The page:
How does a founder fix a business that just will not take off?
Art Papas is the founder of Bullhorn, Inc., which makes software for the staffing and recruiting industry. Because of his software, a recruiter can know how many job candidates have blogging experience, get alerts to follow up with each candidate, and know who was rude on a phone call that took place months before.
That’s just one small example of what his software can do. I invited him here to tell the story of how he built up his business.
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Art Papas, Bullhorn
Art Papas is the founder of Bullhorn, Inc., which makes software for the staffing and recruiting industry.
Andrew: Coming up, want to know the best way to come up with revenue-generating ideas? I mean, ideas people are going to be dying, eager for you to build so that they could give you money? Well, we’ve heard it several times in my interviews, but I don’t know if it’s ever been told, ever been explained so well as this story that today’s guest is going to tell you. Listen for the story about the guy who’s like Tony Soprano who yells at today’s guest because I think that might be the best part of this interview.
Also, I know many of you think that I talk too much about revenue. If that is you, if you want to know about the other stuff, the other part of life, listen to the penultimate–that’s a word I’m proud to know–the penultimate section of this interview where we talk about, what’s it called? Here, let me look at my notes. The Career Collaborative. All that and so much more. Really good interview coming up.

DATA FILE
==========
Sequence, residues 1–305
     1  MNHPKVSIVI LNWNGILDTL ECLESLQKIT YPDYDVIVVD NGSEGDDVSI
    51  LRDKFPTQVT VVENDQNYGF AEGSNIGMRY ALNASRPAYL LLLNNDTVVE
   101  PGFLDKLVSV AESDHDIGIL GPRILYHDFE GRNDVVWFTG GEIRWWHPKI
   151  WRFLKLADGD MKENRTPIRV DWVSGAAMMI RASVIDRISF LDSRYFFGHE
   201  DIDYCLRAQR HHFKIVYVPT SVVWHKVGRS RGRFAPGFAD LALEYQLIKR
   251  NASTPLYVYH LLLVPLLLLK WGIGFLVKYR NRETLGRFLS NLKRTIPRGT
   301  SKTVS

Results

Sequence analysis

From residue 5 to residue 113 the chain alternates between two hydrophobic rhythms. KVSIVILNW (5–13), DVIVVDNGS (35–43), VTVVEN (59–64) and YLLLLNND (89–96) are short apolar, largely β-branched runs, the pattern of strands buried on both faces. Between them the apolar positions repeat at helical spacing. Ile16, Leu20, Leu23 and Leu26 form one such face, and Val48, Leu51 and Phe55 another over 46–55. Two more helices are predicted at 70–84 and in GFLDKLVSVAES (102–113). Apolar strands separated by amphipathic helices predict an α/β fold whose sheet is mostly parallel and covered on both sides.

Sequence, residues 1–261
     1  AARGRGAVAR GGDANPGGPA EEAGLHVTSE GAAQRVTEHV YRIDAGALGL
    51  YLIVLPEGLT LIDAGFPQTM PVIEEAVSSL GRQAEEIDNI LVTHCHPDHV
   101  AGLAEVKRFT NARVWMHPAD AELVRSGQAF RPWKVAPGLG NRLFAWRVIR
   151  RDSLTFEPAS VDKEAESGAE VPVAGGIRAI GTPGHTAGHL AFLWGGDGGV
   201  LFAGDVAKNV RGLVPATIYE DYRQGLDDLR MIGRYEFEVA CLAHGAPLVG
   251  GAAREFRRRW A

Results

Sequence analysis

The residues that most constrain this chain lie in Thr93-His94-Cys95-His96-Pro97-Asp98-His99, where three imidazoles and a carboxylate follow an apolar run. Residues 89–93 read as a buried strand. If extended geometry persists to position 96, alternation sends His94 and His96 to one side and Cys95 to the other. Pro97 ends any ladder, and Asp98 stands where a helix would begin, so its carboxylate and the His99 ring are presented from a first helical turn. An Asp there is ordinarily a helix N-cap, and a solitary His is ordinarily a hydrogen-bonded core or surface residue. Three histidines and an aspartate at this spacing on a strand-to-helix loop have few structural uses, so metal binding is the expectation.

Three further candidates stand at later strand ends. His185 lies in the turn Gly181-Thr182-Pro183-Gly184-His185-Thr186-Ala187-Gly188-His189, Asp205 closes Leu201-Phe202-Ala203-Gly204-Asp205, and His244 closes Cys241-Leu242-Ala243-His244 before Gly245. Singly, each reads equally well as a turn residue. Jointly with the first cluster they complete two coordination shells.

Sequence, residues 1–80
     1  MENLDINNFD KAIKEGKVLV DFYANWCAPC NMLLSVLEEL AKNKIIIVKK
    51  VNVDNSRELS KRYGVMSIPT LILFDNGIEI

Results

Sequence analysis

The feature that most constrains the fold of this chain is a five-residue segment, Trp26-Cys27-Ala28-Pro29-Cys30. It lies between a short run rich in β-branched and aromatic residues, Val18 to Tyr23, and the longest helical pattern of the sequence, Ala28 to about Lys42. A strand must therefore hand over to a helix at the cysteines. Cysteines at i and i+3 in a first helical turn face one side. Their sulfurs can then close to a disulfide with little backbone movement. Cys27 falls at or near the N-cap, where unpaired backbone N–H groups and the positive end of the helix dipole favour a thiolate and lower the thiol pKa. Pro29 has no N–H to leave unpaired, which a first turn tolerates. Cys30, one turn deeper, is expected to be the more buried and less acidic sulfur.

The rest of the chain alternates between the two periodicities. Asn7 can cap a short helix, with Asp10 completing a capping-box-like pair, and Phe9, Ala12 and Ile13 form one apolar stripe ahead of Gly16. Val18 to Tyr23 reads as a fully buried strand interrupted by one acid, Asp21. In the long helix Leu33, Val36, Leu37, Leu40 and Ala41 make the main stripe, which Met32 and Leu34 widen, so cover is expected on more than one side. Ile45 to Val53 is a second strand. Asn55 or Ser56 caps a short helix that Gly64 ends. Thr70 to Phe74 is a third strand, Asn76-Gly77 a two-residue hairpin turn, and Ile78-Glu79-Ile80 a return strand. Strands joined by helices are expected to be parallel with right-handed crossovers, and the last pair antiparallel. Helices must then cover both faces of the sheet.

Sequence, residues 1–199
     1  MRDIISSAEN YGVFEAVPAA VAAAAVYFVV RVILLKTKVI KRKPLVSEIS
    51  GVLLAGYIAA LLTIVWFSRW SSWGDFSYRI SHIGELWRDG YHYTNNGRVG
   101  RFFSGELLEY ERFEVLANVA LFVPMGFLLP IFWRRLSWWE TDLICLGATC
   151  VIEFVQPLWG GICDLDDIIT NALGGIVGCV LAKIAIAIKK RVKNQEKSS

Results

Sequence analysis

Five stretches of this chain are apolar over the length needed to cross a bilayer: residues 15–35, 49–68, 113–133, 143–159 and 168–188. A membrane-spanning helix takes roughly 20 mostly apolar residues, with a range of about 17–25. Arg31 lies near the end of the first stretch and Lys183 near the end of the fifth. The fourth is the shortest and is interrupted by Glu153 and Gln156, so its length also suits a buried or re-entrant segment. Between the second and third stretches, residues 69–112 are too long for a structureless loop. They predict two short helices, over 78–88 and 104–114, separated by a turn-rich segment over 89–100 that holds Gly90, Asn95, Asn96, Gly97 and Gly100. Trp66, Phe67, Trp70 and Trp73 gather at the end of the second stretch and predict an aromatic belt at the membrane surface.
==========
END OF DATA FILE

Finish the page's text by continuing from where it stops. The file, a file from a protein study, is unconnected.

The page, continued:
Three messages before we get started. If you’re a tech entrepreneur, don’t you have unique legal needs that the average lawyer can’t help you with? That’s why you need Scott Edward Walker of Walker Corporate Law. If you read his articles on VentureBeat, you know that he can help you with issues like raising money or issuing stock options or even deciding whether to form a corporation. Scott Edward Walker is the entrepreneur’s lawyer. See him at walkercorporatelaw.com.
Do you remember when I interviewed Sara Sutton Fell about how thousands of people pay for her job site? Look at the biggest point that she made. She said that she has a phone number on every page of her site because–and here’s a stat–95% of the people who call end up buying. Most people, though, don’t call her, but seeing a real number increases their confidence in her and they buy. So try this. Go to grasshopper.com and get a phone number that will make your company sound professional. Add it to your site and see what happens. Grasshopper.com.
Remember Patrick Buckley whom I interviewed? He came up with an idea for an iPad case. He built a store to sell it, and in a few months he generated about a million dollars in sales. Well, the platform he used is Shopify. If you have an idea to sell anything, set up your store on shopify.com because Shopify stores are designed to increase sales. Plus, Shopify makes it easy to set up a beautiful store and manage it. Shopify.com.